An active, at times, stormy weather pattern resumes across much of the Heartland

Across the Corn Belt, locally severe thunderstorms are marching across areas west of the Mississippi River, including Iowa.  Although some weakening is occurring Friday morning, storm activity should flare again this afternoon in parts of the central and eastern Corn Belt.  Producers continue to make limited planting progress between rain events, with 30% of the nation’s intended corn acreage left to plant by May 19.

On the Plains, locally severe thunderstorms returned on Thursday, with the greatest concentration of wind damage focused across southern and eastern Nebraska.  Early Friday, a large convective complex has largely shifted into the western Corn Belt, leaving much of the nation’s mid-section experiencing cool, dry weather.  Friday’s high temperatures on the northern Plains will remain below 70°F.  However, 90-degree heat lingers across Texas, except the state’s northern tier.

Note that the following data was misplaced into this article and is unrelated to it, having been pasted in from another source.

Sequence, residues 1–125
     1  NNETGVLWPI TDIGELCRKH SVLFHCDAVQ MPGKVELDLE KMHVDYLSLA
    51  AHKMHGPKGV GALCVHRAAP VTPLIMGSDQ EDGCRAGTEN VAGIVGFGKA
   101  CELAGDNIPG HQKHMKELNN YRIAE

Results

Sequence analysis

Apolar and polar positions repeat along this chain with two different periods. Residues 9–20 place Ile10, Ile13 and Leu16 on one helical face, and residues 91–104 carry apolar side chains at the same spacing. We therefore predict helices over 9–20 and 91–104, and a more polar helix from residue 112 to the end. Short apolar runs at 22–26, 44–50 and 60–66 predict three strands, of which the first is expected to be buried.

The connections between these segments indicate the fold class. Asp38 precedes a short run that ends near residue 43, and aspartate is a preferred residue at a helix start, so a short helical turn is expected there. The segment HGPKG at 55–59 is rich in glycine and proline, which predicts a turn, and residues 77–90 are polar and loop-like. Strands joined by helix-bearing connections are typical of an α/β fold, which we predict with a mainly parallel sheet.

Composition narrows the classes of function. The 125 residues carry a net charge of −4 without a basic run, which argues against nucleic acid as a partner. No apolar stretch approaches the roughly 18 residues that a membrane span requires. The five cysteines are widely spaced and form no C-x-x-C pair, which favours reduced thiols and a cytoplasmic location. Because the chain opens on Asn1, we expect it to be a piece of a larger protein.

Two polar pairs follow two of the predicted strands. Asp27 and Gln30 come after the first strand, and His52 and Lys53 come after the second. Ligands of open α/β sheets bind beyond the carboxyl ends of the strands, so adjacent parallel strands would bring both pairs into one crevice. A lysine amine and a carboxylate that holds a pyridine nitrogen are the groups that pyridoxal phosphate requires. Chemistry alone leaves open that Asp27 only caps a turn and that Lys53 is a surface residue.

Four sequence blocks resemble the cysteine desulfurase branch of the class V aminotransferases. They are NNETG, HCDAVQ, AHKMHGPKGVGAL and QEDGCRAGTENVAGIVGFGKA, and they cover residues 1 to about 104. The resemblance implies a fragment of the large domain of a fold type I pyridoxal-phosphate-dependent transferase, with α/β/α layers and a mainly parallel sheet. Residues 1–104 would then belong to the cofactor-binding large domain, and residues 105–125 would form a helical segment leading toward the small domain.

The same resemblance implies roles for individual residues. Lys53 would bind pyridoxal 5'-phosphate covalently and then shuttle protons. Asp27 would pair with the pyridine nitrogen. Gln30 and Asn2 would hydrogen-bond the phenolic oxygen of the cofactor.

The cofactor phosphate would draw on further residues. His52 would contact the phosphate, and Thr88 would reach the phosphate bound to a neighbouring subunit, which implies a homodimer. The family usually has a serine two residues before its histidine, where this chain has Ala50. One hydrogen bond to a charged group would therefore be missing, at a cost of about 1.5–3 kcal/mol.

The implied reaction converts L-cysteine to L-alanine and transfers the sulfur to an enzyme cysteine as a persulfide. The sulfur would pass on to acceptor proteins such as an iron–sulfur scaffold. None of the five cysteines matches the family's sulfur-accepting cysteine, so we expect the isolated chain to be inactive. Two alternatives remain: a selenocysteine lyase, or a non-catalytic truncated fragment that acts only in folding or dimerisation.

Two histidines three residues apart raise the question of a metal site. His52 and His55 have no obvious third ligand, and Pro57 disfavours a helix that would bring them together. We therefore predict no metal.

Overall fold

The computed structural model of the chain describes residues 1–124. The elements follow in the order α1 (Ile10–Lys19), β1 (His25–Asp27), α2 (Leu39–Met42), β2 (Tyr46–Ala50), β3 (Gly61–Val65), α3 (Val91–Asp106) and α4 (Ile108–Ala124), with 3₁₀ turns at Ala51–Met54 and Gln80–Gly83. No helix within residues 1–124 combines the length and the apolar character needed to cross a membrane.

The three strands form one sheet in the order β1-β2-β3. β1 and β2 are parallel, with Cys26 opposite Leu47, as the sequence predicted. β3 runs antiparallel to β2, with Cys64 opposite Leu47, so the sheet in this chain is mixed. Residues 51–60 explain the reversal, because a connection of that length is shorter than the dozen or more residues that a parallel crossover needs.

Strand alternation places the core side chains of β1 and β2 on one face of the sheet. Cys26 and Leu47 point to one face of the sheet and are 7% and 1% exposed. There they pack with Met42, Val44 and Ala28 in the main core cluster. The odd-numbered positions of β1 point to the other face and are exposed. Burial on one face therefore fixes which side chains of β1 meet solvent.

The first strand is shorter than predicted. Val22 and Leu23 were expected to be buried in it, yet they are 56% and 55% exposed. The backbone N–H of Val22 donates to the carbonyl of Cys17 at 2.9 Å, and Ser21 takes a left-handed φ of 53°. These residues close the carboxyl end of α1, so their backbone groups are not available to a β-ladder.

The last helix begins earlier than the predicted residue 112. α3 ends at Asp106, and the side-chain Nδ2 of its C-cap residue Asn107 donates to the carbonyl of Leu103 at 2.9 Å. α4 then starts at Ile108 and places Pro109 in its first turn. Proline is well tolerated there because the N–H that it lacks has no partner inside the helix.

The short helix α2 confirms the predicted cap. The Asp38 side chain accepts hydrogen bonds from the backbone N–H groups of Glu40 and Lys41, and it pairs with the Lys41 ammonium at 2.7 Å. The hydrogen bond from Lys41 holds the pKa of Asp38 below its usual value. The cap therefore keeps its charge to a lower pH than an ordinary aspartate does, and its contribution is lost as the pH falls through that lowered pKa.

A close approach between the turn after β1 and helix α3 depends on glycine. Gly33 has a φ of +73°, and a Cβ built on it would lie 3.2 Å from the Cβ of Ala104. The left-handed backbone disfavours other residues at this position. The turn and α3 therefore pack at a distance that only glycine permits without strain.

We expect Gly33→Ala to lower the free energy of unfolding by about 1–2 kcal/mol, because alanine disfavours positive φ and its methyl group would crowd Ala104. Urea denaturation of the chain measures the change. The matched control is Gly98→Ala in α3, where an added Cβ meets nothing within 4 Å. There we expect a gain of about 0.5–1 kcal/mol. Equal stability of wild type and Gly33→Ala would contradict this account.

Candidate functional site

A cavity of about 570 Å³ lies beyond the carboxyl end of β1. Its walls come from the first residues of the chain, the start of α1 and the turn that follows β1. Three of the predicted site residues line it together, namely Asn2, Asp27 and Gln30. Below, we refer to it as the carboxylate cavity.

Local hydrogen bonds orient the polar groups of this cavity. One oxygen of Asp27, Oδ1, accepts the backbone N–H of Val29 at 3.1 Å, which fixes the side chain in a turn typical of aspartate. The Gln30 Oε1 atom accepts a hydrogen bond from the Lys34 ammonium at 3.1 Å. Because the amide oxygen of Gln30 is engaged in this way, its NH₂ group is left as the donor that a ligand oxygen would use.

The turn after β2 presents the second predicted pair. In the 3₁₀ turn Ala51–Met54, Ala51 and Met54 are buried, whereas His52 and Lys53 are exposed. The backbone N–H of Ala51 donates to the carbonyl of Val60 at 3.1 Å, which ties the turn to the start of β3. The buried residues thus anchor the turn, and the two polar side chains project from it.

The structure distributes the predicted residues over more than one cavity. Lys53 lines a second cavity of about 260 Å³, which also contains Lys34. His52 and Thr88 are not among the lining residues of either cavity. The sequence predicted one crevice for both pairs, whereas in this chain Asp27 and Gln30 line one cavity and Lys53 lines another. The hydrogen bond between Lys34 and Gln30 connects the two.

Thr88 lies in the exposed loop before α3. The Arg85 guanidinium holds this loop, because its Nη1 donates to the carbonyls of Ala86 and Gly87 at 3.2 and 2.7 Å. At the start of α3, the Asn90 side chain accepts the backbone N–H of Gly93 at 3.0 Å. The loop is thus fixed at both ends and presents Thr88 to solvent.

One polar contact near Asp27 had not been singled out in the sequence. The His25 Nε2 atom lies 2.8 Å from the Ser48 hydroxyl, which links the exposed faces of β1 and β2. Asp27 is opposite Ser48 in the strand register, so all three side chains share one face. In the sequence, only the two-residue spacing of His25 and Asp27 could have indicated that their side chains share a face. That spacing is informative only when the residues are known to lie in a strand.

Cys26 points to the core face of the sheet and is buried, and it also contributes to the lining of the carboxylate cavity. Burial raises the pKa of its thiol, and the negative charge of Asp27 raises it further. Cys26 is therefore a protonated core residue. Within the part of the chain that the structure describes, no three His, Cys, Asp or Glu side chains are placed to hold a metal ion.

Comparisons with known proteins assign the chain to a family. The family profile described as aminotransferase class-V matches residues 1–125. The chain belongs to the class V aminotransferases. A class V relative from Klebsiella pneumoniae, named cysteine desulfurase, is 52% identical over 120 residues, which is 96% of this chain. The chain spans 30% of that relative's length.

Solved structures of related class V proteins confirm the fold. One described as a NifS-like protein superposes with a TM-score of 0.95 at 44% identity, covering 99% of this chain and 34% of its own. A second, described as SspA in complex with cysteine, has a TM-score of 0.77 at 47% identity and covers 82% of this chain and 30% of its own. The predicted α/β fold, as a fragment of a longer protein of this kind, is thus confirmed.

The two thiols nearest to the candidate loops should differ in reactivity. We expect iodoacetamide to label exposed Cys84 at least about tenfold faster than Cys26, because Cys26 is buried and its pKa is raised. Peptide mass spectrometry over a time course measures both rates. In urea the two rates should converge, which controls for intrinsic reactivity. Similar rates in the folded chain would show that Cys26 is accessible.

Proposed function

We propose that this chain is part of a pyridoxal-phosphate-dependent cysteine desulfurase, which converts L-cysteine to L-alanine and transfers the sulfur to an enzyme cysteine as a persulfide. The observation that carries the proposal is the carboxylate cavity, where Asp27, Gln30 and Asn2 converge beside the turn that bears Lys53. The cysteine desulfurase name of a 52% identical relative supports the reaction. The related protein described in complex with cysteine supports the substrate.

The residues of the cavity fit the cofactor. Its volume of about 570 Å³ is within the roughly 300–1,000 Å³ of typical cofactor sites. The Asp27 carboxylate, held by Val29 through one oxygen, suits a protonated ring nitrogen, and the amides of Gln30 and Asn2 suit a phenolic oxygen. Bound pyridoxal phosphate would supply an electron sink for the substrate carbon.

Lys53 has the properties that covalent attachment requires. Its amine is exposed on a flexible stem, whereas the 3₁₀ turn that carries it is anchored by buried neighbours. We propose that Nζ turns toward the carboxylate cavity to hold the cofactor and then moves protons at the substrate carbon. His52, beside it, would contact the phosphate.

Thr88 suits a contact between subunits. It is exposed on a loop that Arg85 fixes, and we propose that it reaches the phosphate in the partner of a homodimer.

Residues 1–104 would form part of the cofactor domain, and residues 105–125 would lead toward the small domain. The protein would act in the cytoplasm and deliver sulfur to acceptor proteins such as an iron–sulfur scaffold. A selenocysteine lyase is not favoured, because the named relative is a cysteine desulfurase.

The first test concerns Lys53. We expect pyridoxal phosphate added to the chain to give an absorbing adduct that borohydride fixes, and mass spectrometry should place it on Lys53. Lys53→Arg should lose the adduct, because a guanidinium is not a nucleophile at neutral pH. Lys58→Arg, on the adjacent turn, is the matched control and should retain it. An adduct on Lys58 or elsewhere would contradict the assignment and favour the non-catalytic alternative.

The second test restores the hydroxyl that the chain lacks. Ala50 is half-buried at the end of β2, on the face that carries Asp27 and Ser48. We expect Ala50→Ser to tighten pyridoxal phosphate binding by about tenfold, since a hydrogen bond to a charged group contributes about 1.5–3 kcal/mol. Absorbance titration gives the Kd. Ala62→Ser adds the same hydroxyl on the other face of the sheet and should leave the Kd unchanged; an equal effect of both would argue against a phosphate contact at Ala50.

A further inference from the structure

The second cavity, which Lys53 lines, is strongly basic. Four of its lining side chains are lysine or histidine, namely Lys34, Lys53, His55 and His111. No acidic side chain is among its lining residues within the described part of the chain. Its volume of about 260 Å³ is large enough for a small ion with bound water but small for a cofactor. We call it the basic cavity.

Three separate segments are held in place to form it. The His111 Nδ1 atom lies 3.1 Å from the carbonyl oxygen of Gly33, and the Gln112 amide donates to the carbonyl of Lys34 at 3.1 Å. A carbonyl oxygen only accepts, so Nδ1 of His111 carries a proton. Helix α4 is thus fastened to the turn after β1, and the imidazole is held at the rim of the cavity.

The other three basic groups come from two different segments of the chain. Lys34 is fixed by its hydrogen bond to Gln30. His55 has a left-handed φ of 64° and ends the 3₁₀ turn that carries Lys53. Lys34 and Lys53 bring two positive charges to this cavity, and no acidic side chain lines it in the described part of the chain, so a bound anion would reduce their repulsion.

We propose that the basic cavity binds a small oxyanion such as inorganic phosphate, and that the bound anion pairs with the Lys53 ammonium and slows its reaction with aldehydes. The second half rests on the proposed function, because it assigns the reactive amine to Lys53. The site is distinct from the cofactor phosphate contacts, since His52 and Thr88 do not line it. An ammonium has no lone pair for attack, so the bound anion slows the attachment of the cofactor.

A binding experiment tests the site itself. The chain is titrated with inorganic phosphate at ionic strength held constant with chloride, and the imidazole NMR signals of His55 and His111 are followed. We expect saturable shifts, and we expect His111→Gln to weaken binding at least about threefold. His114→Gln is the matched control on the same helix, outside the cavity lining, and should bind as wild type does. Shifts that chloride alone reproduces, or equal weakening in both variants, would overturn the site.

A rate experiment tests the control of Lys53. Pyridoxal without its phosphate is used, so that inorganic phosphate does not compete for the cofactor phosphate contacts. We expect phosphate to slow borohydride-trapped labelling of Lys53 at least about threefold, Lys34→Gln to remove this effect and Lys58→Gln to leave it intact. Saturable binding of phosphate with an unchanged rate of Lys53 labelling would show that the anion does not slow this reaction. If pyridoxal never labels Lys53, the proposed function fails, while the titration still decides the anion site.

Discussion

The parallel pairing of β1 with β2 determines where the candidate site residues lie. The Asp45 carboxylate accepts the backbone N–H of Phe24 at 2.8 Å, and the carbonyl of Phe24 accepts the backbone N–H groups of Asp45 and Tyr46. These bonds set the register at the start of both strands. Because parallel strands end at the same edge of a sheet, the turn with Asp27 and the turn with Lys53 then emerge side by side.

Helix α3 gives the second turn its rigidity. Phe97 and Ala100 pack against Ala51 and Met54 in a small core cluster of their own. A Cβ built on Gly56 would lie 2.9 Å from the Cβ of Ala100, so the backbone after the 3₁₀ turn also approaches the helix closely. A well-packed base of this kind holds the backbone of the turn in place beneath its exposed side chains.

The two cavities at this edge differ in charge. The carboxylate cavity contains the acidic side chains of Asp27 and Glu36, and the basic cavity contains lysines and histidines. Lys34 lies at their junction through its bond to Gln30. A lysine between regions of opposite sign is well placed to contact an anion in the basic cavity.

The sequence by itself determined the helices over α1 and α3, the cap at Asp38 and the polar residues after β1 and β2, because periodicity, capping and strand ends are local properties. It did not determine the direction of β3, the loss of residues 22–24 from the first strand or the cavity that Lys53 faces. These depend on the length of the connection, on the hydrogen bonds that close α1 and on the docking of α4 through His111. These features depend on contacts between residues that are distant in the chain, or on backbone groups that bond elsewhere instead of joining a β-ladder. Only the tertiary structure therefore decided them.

In the South, very warm, humid conditions and generally abundant soil moisture reserves are promoting pasture growth, winter wheat maturation, and summer crop development.  Early Friday, rain showers with a few embedded thunderstorms dot the mid-South and mid-Atlantic.

In the West, mostly dry weather has returned across the northern Rockies, following a late-season snowfall.  In fact, dry weather prevails across much of the West, although a warming trend in California and the Southwest contrasts with a lingering chill farther north.  Freezes were noted Friday morning in typically colder interior Northwestern locations such as Pocatello, Idaho, and Lander, Wyoming.

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